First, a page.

Country Music’s Rising Star,
Tony Jackson will be performing LIVE at The Bluestone on Friday, June 23rd
Doors for the show will open at 7pm
Opening Artist: Wyatt McCubbin
Tickets are $10 in advance and $15 day of show
Tickets will go on-sale Friday, April 21st at 10am
RESERVED TABLE PURCHASE DOES NOT INCLUDE ADMISSION TICKETS TO THE SHOW.
Admission tickets must be purchased separately.
- Loft Lower Tier: $250 (seats four people-no exceptions)
- Prime view of stage!
- Includes first bucket of Miller or Coors Light
- Exclusive Private Bar access
Loft Upper Tier: $200 (seats four people-no exceptions)
- Includes first bucket of Miller or Coors Light
- Private Bar Access
- May be Obstruction in View
*All Reserved tables located in the loft area
ALL SALES ARE FINAL
Is it premature to see Hall of Fame material in a guy who’s just releasing his first album?
Not if that guy is Tony Jackson. To put it plainly, Jackson is one of the most gifted singers ever to grace country music. His video “The Grand Tour” ignited an unprecedented 10 million Facebook views and 200,000 shares in just over 3 short weeks!
The respect Jackson has already earned within the music community is evident throughout Tony Jackson, as the new album is titled. It features songs and/or performances by Rock and Roll Hall of Fame members John Sebastian, Steve Cropper and Dr. John “Mac” Rebennack, Country Music Hall of Famers Vince Gill, Bill Anderson and Conway Twitty and Nashville Songwriters Hall of Fame luminary Norro Wilson.
But it is ease with which Jackson makes every song—even the familiar ones—distinctly his own that sets him apart. Who else would dare to try and then succeed in bringing a fresh layer of emotional urgency to such a classic as George Jones’ “The Grand Tour” or Conway Twitty’s eternal “It’s Only Make Believe”?
On the first-time and lesser known songs, Jackson mints his own classics. With its sweeping steel guitar flourishes and ambient barroom clatter, he transforms John Sebastian and Phil Galdston’s “Last Call” into the sweetest, most affectionate separation ballad imaginable. With reverence and a twinkle in his eye, he enlists Sebastian and Vince Gill in revivifying (after 50 years) the Lovin’ Spoonful’s 1966 romp, “Nashville Cats.” “When asked if we should recut the song,” Sebastian begins, “I said absolutely but we have to get Vince Gill, Paul Franklin and today’s real Nashville Cats in on the session and fortunately it was preserved on video,” he beams.
After capturing perfectly, the excitement of new love in Bill Anderson’s “I Didn’t Wake Up This Morning,” he moves on to a memory-stirring homage to Merle Haggard, Hank Williams Jr. and Willie Nelson in “They Lived It Up,” a lyrical scrapbook from Anderson and Bobby Tomberlin.
Jackson shines as a keen-eyed songwriter in his own right with such memorable excursions as “Drink By Drink,” “Old Porch Swing” and “She’s Taking Me Home.”
From start to finish, Tony Jackson stands out as a “discovery” album, the kind you listen to with such delight that you have to recommend it to friends. And hundreds of thousands have done just that.
Jackson is currently a headliner on the Old Dominion Barn Dance in Richmond, Virginia, and is almost certainly the only major bank executive ever to abandon a prominent IT job in finance at a Fortune 500 company to embark on a career in country music. But he didn’t grow up a country fan.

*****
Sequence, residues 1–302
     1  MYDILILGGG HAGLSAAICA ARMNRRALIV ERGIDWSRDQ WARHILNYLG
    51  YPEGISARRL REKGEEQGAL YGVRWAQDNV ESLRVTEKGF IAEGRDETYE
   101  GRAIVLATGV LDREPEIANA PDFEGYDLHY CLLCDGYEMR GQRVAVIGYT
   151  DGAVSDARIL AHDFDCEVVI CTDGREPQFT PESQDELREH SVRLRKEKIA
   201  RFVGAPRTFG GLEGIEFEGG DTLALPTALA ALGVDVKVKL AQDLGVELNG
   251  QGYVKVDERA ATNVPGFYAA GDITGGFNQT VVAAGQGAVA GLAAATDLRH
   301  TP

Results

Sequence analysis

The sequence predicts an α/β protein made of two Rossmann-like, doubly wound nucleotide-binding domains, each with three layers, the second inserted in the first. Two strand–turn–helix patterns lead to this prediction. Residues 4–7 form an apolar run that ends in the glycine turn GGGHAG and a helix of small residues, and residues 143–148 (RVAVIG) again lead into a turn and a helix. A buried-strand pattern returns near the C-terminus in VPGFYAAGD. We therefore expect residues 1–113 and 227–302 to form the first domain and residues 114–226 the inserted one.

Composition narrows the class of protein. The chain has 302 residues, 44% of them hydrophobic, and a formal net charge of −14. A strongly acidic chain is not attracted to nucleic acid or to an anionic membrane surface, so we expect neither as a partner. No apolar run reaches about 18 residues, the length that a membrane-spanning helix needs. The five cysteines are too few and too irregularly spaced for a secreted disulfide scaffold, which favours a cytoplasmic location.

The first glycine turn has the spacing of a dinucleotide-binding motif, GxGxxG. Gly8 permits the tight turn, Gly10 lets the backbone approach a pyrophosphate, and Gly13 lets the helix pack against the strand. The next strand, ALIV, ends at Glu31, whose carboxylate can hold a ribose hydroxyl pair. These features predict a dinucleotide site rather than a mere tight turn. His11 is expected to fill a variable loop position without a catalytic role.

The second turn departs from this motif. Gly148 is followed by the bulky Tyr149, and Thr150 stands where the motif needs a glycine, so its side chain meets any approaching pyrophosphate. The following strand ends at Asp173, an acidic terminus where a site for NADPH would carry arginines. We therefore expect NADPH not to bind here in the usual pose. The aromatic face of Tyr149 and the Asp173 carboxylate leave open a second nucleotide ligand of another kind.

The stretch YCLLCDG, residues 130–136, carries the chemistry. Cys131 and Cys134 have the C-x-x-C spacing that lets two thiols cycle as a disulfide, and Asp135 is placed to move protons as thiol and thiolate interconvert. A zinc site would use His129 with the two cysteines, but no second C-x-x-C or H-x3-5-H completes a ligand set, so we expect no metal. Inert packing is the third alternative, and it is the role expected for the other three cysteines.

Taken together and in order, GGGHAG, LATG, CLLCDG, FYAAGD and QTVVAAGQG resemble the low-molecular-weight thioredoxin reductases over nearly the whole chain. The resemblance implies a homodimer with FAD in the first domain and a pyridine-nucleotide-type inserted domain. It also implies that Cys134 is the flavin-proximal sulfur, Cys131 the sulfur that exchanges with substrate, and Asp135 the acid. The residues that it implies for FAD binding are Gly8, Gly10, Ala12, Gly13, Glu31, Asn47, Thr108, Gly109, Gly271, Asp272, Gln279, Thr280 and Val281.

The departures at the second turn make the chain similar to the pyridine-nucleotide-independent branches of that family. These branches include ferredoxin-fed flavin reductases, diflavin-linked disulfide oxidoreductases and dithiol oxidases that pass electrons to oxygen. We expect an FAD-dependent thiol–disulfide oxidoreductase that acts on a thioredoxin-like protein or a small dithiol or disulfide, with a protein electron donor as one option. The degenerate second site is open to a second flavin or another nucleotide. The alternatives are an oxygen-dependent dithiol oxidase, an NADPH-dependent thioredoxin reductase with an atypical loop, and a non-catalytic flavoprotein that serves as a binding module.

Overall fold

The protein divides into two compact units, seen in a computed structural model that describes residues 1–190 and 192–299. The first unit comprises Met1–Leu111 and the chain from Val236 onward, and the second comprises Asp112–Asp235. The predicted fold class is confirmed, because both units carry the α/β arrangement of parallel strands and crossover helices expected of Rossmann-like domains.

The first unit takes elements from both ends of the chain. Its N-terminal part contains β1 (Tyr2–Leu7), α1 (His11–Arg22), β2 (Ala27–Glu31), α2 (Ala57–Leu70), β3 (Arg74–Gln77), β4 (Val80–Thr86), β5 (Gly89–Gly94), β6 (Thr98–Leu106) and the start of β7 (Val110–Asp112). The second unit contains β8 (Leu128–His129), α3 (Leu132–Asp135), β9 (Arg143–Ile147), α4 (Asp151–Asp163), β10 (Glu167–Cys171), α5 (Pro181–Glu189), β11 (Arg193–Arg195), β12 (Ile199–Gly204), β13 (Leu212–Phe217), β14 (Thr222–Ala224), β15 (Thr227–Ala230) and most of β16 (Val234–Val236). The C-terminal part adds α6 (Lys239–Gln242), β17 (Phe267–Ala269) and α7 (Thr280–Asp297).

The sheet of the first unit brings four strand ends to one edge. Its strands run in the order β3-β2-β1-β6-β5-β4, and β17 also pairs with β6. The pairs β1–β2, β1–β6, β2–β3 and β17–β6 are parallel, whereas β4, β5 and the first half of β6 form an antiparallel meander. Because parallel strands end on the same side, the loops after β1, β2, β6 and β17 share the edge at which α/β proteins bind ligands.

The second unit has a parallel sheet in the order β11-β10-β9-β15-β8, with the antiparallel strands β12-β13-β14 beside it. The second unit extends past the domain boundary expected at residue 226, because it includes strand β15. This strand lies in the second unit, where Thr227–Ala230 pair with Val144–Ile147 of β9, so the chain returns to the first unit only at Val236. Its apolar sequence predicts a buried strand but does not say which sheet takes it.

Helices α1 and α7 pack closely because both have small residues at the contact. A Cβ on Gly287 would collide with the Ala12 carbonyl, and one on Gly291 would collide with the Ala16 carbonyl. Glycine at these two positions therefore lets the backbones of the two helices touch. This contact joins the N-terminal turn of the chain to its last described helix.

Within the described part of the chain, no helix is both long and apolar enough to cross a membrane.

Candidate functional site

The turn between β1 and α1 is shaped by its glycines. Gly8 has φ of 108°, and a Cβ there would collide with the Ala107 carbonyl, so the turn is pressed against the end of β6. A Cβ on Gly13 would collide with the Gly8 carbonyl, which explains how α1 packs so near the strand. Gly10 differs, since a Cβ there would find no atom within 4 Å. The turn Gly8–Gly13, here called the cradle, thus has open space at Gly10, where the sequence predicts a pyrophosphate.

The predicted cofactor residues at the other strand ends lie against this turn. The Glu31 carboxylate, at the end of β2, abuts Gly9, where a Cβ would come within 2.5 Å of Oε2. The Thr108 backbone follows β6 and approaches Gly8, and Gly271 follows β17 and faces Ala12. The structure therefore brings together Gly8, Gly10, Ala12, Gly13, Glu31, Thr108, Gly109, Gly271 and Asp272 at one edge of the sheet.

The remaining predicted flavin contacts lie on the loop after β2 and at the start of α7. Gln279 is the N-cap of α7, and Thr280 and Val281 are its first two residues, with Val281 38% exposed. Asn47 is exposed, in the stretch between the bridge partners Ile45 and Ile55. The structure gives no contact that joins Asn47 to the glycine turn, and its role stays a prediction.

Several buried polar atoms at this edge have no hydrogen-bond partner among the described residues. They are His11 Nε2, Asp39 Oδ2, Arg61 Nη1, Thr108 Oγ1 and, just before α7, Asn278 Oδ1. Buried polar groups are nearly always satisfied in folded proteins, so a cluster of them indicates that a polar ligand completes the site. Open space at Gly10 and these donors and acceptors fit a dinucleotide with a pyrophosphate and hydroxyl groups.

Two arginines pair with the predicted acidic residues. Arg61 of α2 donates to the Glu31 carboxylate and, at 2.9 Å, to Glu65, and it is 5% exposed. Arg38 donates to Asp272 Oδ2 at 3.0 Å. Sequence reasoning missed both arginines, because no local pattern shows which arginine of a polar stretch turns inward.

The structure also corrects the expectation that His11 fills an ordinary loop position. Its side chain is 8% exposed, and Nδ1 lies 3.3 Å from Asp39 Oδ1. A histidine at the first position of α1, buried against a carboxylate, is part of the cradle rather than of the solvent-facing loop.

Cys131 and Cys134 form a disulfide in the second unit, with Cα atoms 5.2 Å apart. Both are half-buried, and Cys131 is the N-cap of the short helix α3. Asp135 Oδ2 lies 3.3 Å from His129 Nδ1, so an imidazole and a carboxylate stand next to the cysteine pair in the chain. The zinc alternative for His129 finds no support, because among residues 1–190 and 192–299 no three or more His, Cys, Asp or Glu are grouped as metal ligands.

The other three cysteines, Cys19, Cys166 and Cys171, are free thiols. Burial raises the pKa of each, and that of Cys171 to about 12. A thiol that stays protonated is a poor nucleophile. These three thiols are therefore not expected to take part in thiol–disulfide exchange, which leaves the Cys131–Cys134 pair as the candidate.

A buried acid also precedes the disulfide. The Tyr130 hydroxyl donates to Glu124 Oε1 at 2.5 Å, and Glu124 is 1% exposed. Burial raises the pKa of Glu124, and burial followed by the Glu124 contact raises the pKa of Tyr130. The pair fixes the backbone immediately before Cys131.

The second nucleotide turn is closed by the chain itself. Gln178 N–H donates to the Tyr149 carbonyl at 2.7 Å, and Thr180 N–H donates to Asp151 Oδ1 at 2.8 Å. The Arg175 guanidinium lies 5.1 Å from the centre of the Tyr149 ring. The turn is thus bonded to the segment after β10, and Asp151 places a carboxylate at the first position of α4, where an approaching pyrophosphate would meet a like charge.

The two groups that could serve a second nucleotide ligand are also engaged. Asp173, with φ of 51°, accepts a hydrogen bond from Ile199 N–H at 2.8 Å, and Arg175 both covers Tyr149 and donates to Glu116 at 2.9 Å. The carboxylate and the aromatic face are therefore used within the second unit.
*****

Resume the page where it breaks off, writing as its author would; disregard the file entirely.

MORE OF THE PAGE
The son of a Navy man, he led a base-to-base existence, at one point living with his family in Rota, Spain for three years. His early musical background was sketchy at best. “I sang ‘White Christmas’ in the Christmas play in the sixth grade,” he recalls. ‘Everybody seemed to love it, but I was a wreck. My mother forced me to sing in the church choir, but I was kind of buried in the voices along with everybody else.” This was basically his entire musical resume until ten or so years ago when a friend whose band had lost its lead singer asked Jackson to try out for the spot. “I did,” he says, “and I was hooked after that.”
Two weeks after graduating from high school, Jackson joined the Marines. “I told my dad I was joining because I was sick of taking orders,” he says with a wry grin. There was as much getting-ahead as gung-ho in Jackson’s enlistment. “I was a computer and electronics geek as a teenager,” he says. “When I talked to the recruiter, he told me the Marine Corps had just started a computer science school in Quantico, Virginia. Fortunately, I scored high enough on the entrance exam to go to that school.” It was a smart move. When he finished service, a prominent bank in Richmond snapped him up to work in its Information Technology division, initially assigning him the lowly chore of re-setting passwords. “I was way overqualified,” he says, “so I got promoted fast. I was a senior vice president by my early 30s.”
It was while in the Marines that he first started paying serious attention to country music. “My mother listened only to gospel,” he says. “My dad was into jazz, hip hop, R&B, new jack swing—stuff like that. But Armed Forces Radio played everything. When I was living in Spain—when I was 10 to 13—Randy Travis came over there on a USO tour. Some friends and I were out there early when they were setting up the stage, and we actually got to talk to him before we realized he was the guy who’d be performing later. He was really cool to us. In the Marine Corps, when my friends and I played music for each other, we were all homesick. So when you’d listen to these country songs that talked about family and home and heartbreak, it would really grab you.”